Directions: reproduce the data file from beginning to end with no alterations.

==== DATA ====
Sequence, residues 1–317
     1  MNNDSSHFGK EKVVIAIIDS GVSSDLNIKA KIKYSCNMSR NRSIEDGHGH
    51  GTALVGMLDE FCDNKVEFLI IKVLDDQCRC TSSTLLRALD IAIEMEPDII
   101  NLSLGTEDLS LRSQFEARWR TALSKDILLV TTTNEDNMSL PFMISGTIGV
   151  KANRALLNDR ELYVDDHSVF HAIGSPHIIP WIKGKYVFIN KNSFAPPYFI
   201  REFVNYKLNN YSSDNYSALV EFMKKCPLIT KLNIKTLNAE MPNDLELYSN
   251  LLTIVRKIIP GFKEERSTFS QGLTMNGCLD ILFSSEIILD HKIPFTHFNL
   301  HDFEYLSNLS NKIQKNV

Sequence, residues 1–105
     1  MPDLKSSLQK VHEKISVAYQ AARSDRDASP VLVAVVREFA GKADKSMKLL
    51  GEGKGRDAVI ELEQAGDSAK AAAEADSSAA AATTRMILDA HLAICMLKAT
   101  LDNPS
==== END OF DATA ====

Sequence, residues 1–317
     1  MNNDSSHFGK EKVVIAIIDS GVSSDLNIKA KIKYSCNMSR NRSIEDGHGH
    51  GTALVGMLDE FCDNKVEFLI IKVLDDQCRC TSSTLLRALD IAIEMEPDII
   101  NLSLGTEDLS LRSQFEARWR TALSKDILLV TTTNEDNMSL PFMISGTIGV
   151  KANRALLNDR ELYVDDHSVF HAIGSPHIIP WIKGKYVFIN KNSFAPPYFI
   201  REFVNYKLNN YSSDNYSALV EFMKKCPLIT KLNIKTLNAE MPNDLELYSN
   251  LLTIVRKIIP GFKEERSTFS QGLTMNGCLD ILFSSEIILD HKIPFTHFNL
   301  HDFEYLSNLS NKIQKNV

Sequence, residues 1–105
     1  MPDLKSSLQK VHEKISVAYQ AARSDRDASP VLVAVVREFA GKADKSMKLL
    51  GEGKGRDAVI ELEQAGDSAK AAAEADSSAA AATTRMILDA HLAICMLKAT
   101  LDNPS